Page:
Yesterday, Gensler unveiled its newest plans for Farmers Field, Downtown LA’s proposed football stadium, which, of course, is still awaiting a team to play in it (as are several other proposed stadiums in California). The biggest changes to the design involve the roof, which will now have large projecting wings (likely made of ETFE, said one Gensler architect). The roof will no longer be retractable, but “deployable,” meaning the roof can be taken off, but not instantaneously, which will bring the structure’s cost down significantly, Gensler pointed out. The new roof design, which will open up views to the city, was likened to “shoulder pads” by Curbed LA, perhaps a fitting design for a football stadium?
So that the stadium doesn’t dwarf the rest of the adjacent LA Live, it will be partially sunken into the ground, noted Curbed. Meanwhile two levels of stadium meeting and suite space will connect directly to the new convention center that developer AEG is also planning for the site. AEG hopes to have the stadium ready by the 2016 football season.
As we’ve noted, architecture giant Gensler is moving from Santa Monica to Downtown LA (a move that has seen its share of controversy lately thanks to the firm’s city-provided subsidy). With the help of three talented students from Cal Poly San Luis Obispo’s Professional Studio program, the firm has put together a video about their new ‘hood. It documents Downtown’s dramatic growth and change over the years, and offers predictions and suggestions for its future. Read More
Artist Stephen Talasnik has long been inspired by architecture and engineering. Now he can return the favor, thanks to an in-office exhibition at Gensler in New York’s Rockefeller Center. The show, called Adrift/Afloat, includes 16 pieces, including sculptures, drawings, and diagrams. Talasnik’s work is in the collection of the National Gallery, the British Museum, and the Canadian Centre for Architecture, among other institutions.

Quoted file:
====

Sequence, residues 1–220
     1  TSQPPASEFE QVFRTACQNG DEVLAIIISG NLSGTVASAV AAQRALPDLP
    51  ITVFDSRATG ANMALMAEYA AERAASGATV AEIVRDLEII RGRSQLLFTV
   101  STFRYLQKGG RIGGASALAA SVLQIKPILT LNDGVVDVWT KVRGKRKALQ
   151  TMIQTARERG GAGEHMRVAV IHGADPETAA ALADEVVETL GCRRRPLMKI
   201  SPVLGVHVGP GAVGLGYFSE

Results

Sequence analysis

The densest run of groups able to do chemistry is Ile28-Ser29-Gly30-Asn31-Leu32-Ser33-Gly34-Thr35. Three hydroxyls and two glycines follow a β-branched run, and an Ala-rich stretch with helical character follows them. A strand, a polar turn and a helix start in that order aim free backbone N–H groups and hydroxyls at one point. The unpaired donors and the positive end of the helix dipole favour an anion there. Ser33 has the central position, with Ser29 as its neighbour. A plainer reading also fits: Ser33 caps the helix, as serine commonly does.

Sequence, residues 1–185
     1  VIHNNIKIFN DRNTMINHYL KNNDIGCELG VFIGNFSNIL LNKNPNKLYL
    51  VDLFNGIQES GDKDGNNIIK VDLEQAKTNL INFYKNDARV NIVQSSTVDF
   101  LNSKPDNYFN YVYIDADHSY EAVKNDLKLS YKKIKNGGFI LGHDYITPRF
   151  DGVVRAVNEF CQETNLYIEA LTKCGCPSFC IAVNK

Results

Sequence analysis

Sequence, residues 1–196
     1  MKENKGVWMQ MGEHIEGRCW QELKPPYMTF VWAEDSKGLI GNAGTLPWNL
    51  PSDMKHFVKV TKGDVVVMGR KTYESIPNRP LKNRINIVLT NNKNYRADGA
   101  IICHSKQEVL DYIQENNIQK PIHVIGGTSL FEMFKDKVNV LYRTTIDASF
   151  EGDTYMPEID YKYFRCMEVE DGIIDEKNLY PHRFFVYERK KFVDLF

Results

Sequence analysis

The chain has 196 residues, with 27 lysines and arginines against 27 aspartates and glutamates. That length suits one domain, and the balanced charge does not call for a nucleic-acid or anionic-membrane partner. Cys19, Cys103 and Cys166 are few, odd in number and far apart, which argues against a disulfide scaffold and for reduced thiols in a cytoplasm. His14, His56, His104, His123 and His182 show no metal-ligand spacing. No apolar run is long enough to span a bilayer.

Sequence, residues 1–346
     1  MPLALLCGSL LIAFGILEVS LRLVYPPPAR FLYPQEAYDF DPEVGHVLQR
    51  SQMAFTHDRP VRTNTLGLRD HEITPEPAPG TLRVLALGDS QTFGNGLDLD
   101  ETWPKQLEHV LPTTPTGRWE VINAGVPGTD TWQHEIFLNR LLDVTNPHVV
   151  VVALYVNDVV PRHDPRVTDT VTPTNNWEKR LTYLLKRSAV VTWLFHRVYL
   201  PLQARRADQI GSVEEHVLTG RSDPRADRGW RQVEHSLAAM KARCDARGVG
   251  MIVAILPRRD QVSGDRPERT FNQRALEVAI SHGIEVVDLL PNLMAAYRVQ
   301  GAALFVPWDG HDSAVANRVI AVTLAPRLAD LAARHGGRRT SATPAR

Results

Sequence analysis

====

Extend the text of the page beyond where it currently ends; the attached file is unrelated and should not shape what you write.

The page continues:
Nature’s Benz. LA Autoshow reveals a radically green Mercedes-Benz concept called Biome– it’s made of organic fibers, powered by the sun, and releases pure oxygen into the air! The system behind this model is called “Mercedes-Benz Symbiosis,” in which vehicles are seamless part of the ecosystem.
Facebook’s Exodus. According to the New York Times, Facebook is moving out — of the office clusters in Palo Alto — and into an insulated 57-acre corporate campus in Menlo Park, California, which is to be renovated by San Francisco-based Gensler. About 2,000 workers, including Mark Zuckerberg, will be moved in within next 10 months. These young 20-somethings don’t want a sleek corporate office, but something idiosyncratic and soulful, which the new campus aims for.
Code Green. Crain‘s reports that the New York City Council continues to green up the city’s building codes. A trio of bills looks to “create more energy-efficient roofs.” While the first bill requires more reflective and less heat-absorbent roof materials, the second removes building-height limitations from solar thermal equipment and electric collectors and the third bill will add heat and power systems to the list of allowable rooftop structures.
Well-spoken Vowell. Chicago magazine talks to Sarah Vowell about Chicago — and a little New York — architecture. “It’s what I do for fun: Go see buildings. I like architecture because it’s so nonverbal,” she said, and then goes on to discuss her personal relationship with the Carson Pirie-Scott Building. Vowell recently finished her new book on Hawaii called Unfamiliar Fishes.